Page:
The Ninth Circuit Court of Appeals ruled today that the military can continue enforcing Don’t Ask, Don’t Tell, while the government appeals a decision by a lower court that the policy is unconstitutional.
Today’s decision extends a temporary emergency stay the court granted on Oct. 20, which froze an injunction, issued by circuit court Judge Virginia Philips, against the military enforcing DADT.
Philips ruled in September that the policy is unconstitutional. The federal government is appealing her ruling, even as President Obama attempts to repeal the policy legislatively. Arguments are set to begin in January.
In today’s decision, the judges said the military’s argument, that abruptly ending the policy would cause irreparable harm, is “convincing.”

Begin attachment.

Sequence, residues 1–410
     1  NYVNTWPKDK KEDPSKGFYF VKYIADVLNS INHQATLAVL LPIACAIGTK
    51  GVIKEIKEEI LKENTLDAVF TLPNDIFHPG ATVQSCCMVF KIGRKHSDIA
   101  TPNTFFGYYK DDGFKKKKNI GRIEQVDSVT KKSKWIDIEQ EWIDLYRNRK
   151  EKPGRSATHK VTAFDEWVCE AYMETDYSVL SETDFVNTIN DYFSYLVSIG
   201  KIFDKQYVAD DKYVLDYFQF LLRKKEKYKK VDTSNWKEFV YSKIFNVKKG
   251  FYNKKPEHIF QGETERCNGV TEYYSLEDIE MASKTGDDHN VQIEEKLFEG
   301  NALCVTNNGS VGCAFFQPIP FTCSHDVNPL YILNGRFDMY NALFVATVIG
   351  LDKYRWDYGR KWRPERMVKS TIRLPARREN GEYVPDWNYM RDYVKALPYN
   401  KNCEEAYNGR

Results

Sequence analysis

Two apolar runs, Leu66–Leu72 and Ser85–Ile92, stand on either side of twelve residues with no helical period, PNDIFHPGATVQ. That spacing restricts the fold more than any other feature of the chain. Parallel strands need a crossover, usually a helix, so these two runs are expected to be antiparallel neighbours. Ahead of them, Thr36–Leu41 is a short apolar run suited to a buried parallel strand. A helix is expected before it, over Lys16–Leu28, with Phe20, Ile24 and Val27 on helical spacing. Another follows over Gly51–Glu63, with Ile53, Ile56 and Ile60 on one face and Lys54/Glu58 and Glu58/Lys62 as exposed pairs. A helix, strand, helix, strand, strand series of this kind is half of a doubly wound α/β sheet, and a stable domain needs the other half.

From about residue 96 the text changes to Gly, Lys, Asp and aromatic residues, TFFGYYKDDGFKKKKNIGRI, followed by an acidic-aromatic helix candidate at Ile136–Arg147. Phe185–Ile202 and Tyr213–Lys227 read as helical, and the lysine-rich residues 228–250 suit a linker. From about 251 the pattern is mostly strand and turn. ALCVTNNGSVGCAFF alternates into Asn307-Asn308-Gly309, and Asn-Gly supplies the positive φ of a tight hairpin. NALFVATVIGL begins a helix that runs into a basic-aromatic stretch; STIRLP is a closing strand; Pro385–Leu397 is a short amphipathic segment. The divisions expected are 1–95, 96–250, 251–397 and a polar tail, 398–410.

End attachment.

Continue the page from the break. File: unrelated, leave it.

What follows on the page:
The decision was made by a three-judge panel. One judge dissented, writing that he would have barred the military from actually discharging servicemembers pending appeal.
Late update: A lawyer for the Log Cabin Republicans, which brought the case against DADT, says the ruling is a “disappointment.” He also said the group is still deciding whether to ask the Supreme Court for a review of the stay.